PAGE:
Need for assistant for mayor queried

Ben Bell. Photo: Gerard O'Brien
Ben Bell. Photo: Gerard O'Brien
New Gore Mayor Ben Bell wants his own personal assistant — but the council chief executive is against any appointment, saying the matter could potentially be embarrassing for the council.

The Gore District Council will meet for business today and Mr Bell faces some headwinds at his first full meeting.

Council executive Steve Parry is also questioning the new mayor’s need for a personal assistant and Mr Bell’s request to cover expenses for a trip to Wellington by himself and his personal assistant, Shanna Crosbie.

Mr Bell was elected to the job after narrowly defeating incumbent Tracy Hicks in last month’s election.

In a report to the meeting today, council chief executive Steve Parry said secretarial support for the mayor’s office had traditionally been provided by the council’s corporate support staff.

A dedicated secretary or administrative support for the mayor’s office had not been provided or required over the past 20 years. In a council restructure earlier this year, an executive assistant was appointed to the mayor and the chief executive.

When Mr Bell was elected, he used a personal assistant to deal with media inquiries.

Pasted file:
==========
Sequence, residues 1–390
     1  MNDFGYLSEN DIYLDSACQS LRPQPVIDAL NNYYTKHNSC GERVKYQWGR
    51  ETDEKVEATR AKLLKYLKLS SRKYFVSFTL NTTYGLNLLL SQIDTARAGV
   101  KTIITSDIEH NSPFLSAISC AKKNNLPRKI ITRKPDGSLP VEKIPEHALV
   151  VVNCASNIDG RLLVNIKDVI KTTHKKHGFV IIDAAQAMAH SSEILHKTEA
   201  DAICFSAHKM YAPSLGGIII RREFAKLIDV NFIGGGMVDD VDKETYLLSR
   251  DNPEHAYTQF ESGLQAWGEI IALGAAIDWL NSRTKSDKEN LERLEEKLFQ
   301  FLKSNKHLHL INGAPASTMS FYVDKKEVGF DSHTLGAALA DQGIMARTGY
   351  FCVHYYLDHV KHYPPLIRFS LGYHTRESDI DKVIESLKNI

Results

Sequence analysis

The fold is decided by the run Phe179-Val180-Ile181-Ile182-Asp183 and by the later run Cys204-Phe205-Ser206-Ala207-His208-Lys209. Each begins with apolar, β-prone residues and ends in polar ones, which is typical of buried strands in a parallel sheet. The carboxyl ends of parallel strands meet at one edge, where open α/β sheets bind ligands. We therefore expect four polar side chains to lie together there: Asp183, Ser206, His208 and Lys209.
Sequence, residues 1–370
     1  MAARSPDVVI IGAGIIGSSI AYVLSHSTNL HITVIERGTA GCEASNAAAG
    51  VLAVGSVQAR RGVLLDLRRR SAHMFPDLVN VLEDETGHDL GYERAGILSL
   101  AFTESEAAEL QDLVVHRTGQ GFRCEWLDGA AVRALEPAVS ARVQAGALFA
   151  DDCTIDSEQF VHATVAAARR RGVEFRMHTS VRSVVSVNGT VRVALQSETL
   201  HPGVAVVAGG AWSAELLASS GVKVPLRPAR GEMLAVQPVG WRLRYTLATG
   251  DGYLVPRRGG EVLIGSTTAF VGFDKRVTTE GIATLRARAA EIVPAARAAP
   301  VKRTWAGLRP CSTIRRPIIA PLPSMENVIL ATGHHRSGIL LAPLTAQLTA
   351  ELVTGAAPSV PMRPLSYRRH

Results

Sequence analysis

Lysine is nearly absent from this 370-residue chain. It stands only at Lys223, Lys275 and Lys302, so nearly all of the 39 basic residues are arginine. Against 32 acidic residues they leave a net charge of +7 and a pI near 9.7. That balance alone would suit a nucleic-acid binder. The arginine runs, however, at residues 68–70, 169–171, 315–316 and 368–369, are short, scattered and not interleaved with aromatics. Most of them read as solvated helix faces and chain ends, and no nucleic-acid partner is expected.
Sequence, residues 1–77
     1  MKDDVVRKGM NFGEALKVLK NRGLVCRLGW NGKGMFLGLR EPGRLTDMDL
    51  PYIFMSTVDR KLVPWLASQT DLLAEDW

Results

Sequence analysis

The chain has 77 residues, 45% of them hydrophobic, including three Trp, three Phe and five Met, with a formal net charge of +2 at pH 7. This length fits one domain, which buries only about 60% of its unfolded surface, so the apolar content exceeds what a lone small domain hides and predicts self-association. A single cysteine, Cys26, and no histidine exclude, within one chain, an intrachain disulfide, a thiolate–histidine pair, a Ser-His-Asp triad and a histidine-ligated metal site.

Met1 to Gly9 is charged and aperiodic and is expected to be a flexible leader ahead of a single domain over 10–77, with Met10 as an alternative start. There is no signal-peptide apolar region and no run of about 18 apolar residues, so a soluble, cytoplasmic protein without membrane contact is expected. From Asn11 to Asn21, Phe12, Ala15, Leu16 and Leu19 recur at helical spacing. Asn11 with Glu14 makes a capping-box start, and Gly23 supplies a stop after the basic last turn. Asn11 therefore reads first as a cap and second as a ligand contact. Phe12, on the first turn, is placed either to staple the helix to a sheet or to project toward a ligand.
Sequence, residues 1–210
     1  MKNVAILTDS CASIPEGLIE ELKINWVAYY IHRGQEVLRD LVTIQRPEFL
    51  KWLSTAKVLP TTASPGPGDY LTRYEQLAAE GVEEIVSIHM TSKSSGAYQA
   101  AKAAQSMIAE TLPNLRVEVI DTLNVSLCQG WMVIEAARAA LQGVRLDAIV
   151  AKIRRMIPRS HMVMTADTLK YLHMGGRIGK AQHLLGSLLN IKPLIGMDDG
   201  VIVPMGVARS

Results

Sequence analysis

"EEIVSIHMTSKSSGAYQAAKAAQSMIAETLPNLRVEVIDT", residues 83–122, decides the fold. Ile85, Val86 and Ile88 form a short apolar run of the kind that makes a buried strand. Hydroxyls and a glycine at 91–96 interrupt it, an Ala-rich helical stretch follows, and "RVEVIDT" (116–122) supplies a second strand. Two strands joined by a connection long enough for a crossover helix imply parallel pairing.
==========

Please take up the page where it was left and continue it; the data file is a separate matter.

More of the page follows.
"This private personal assistant has continued to assist His Worship in diary management, press releases and travel bookings. In some instances, the private personal assistant is committing the council to costs despite not being a council employee," Mr Parry said in his report.

"The current situation is confusing and poses a reputational risk to the council ... To date, press releases have been emanating from the mayor’s private personal assistant and refer all media inquiries to her. This has seen press releases on the same subject, but with different content, being issued by both the mayor’s private personal assistant and the council’s communications team.

"The result is confusion and potential embarrassment for the council, and over time may see media confidence in the council eroded. It may also cause some animosity if all media are not being treated equally and provided with press releases at the same time."

No other mayors in Southland had dedicated personal assistants. Employing a personal assistant could cost up to $85,000 a year and it would have to be a contestable position, so there was no guarantee the person employed in the role at present would get the job. Mr Bell was expected to speak at the meeting about the role.

Mr Parry also questioned the decision for the personal assistant to go to Wellington with Mr Bell to attend a two-day training session for new mayors.

Mr Parry said he was surprised to learn the personal assistant would be attending the seminar. In the past 20 years he knew of no executive assistant going to a seminar of this kind.

Mr Bell had applied to be reimbursed for $4584 for the seminar but the council was offering $2084. It might increase the offer to $2481 to acknowledge Mr Bell was unaware of the proper processes to follow.

The amount he would be reimbursed would be decided at the meeting today. Mr Bell would not be able to speak about the reimbursement, nor would Cr Joe Stringer, who is Ms Crosbie’s partner.